Does bullfighting represent a psychological danger for young spectators ? (Dr JP RICHIER, psychiatrist, June 2008)Outline :Why is it important to raise the question of youth attendance at bullfights ?The particular nature of bullfighting violenceTraumatic effect of bullfighting spectaclesHabituation or incitement to violenceDoes culture protect from the effects of violent spectacles ?Are the parents who take their children to see bullfights bad parents ?Learning to bullfightConclusionWhy is it important to raise the question of youth attendance at bullfights ?Citizens are concerned about all the problems faced by young people, and the problem of violenceis at the top of the list, be it violence endured, violence witnessed or violence perpetrated.These last few years, attention has been particularly focussed on the violence that children andteenagers can observe around them.Much has been published on the subject. Yet it remains an open question whether or not it islegitimate to apply the conclusions to the violence of bullfighting as entertainment.This raises two major questions:- firstly, the question in itself of violence towards animals,- secondly, the question of the link between violence towards animals and violence towardshumans.Pr Jean Claude Nouët, president of the French League for Animal Rights has written a paper aboutthis last question. He called it "Infantile roots of violence and cruelty". This paper, based on a largebibliography, was given at Oxfords Keble College in September 2007 as part of an internationalconference on the "Relationship between animal abuse and human violence" organized by theOxford Centre for Animal Ethics.The medical literature about the impact of violent entertainment on children and adolescentsgenerally insists on two types of effects :- the traumatic impact,- incitement and habituation to violence.Other thoughts concern the weakening of moral judgement and the unsettling of values..These aremore complex to define, analyse and validate so I won’t develop them here, but they are of capitalimportance.So, access of young people to bullfights and their training in bullfighting is an important questionfrom two related but independent standpoints : the protection of animals and the protection ofchildren.The particular nature of bullfighting violenceIn the medical literature about the violence that children and teeagers can observed around them,two types of situations are usually described :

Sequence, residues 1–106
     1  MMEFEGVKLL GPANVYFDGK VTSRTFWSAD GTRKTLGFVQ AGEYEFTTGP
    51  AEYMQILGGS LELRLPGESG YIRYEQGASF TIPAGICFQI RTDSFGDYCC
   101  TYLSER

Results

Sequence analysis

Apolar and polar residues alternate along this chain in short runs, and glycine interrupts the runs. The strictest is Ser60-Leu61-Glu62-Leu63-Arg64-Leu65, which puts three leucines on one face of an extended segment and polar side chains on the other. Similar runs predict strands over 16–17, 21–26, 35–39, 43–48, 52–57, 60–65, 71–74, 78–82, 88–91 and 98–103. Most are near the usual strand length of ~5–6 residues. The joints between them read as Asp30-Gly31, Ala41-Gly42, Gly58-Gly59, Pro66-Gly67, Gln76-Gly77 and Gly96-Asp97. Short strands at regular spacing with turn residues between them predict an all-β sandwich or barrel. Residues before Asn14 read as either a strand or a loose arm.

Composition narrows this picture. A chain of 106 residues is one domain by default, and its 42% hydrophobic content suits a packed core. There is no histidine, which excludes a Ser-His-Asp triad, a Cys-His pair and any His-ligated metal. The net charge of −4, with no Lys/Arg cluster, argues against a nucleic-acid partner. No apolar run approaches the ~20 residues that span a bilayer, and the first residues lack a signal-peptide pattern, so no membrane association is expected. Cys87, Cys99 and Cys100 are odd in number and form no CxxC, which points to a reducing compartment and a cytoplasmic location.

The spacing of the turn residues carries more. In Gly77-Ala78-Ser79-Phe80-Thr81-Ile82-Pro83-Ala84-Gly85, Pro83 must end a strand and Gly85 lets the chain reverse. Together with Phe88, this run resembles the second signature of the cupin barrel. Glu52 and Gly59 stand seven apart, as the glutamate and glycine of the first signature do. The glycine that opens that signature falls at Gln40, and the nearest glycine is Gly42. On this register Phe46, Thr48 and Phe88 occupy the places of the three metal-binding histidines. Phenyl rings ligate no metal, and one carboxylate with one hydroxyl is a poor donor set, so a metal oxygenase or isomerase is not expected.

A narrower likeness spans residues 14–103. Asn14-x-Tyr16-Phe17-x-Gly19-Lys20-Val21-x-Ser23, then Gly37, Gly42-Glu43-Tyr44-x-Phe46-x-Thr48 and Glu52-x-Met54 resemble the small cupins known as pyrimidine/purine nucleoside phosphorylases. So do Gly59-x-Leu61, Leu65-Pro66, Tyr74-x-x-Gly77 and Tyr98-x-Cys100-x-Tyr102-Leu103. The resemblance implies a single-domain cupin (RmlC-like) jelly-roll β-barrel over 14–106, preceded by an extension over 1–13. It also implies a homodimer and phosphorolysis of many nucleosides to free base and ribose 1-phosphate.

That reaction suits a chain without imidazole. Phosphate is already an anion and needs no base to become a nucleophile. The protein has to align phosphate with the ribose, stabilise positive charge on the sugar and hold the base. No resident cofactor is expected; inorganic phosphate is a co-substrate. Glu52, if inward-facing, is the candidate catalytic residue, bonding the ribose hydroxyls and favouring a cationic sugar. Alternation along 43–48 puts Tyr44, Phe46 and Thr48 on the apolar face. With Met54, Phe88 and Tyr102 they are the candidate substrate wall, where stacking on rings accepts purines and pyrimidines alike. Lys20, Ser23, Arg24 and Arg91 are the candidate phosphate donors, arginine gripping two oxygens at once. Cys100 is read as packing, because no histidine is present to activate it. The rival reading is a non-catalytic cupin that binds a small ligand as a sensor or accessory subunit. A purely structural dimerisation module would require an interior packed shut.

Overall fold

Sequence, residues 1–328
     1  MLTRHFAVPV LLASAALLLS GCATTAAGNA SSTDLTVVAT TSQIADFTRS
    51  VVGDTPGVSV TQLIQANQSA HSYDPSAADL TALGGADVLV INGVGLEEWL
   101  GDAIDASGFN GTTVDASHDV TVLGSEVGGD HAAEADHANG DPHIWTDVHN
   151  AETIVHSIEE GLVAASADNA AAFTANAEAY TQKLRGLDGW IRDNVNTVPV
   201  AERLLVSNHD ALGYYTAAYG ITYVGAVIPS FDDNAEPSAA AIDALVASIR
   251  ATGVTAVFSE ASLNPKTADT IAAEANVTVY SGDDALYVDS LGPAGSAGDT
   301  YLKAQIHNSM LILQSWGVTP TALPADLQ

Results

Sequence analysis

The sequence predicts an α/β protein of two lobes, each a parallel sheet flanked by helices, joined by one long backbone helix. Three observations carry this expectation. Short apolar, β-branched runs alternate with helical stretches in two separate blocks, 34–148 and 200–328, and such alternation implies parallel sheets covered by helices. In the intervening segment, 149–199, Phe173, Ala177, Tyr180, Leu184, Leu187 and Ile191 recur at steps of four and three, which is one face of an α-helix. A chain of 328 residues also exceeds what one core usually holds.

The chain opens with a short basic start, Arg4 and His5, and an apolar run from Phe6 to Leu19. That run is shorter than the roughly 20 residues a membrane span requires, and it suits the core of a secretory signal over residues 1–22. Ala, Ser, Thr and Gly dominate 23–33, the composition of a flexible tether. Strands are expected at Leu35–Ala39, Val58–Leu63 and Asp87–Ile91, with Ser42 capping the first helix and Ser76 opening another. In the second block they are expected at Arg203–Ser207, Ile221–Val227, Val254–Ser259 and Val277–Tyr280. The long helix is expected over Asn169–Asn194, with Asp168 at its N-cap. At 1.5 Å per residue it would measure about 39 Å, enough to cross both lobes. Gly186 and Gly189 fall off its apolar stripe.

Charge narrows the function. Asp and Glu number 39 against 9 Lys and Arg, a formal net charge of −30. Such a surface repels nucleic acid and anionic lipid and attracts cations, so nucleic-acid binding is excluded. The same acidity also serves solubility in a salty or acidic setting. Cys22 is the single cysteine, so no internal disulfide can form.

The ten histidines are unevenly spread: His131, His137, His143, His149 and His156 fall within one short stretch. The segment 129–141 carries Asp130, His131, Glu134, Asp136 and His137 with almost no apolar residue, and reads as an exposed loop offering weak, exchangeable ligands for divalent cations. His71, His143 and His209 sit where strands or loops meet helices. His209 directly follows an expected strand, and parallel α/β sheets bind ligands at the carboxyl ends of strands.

- in one, the child is a witness of actual violence outside the home or, more often, within thefamily ;- in the other, the child is a spectator of imaginary violence and of course the debate here is over theeffect of movies, television, and video games.It is difficult to apply to bullfighting this distinction :- firstly because the violence, although very real is presented as a show ;- secondly because it involves violence not towards humans but towards animals.The violence inflicted in bullfighting share two other fundamental characteristics :- this violence occurs within a totally unequal relationship because perpetrated by men on animalscoerced to be present ;- this violence is of no vital use, it serves only mans pleasure.If these different characteristics naturally remind us of the circus games in ancient times, there arefew examples fulfilling these criteria in the modern world. There is however one practice today thatshows a structural similarity with bullfighting. It implies the same particular kind of relationshipbetween a designated victim, one or several aggressors, and a group of spectators.This practice, called “happy slapping” since it was first remarked upon in 2005, ties in with both thequestion of violence towards human beings and with that of youth violence. This activity consists infilming for pleasure, generally with a cellphone, physical assault without any reason on anunwilling person by a youth or a group of youths. At the beginning, it was about administering asurprise slap to someone (hence the term “happy slapping”). But nowadays, the phenomenon hasintensified to include beating, rape and armed assault sometimes resulting in death.These practices, often considered as part of a sub-culture, have particularly drawn the attention ofsociologists as emblematic of the confusion reigning among certain teenagers as to their moralguideposts.Of course, since in this case the victim is a human being and not an animal, we dont know what canbe extrapolated from one to the other.Traumatic effect of bullfighting spectaclesA child’s normal reaction at the sight of an animal bleeding under blows inflicted by men, isgenerally, at least at first, a reaction of rejection, discomfort and fear. Of course, in traditional ruralsocieties where the relationship between man and animal is marked with a certain harshness, thechild confronts it early on, and gets used to it as best he or she can.But we know very well that the famous scene of the pig bled in the farmyard did not go down wellwith everyone and that more sensitive individuals have been known to dread it.Whats more, mentalities are gradually evolving as modern societies change.How is a child likely to react when taken to a bullring?The first feeling will be curiosity.As long as the spectacle is watched from the stand at a distance, and since the Spanish corrida isinfused with a hieratic dimension, this curiosity may turn into indifference, even boredom. In otherchildren, this curiosity might turn into interest, even fascination, since here, what is forbiddenelsewhere is practiced collectively.With other children, we’ll get a negative reaction, protestation, a refusal to keep watching, andsometimes tears.With still others, this negative reaction will peak in shock, produce a traumatic effect. We speakhere of psychological trauma when an experience is beyond the individuals capacities for absorbing